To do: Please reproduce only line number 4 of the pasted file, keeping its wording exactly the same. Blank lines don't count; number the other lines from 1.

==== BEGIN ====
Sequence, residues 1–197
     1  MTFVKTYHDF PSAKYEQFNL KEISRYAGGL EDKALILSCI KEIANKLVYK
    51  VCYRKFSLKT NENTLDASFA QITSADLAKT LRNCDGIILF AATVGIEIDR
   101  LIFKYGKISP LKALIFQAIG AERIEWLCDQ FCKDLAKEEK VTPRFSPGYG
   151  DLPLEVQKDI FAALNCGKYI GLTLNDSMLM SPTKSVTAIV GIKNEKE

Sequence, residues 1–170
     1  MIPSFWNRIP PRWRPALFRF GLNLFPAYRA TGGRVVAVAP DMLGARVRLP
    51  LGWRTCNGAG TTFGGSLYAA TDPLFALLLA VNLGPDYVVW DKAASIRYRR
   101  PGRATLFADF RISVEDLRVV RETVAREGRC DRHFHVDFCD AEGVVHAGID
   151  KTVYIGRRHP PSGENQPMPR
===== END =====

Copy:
   101  LIFKYGKISP LKALIFQAIG AERIEWLCDQ FCKDLAKEEK VTPRFSPGYG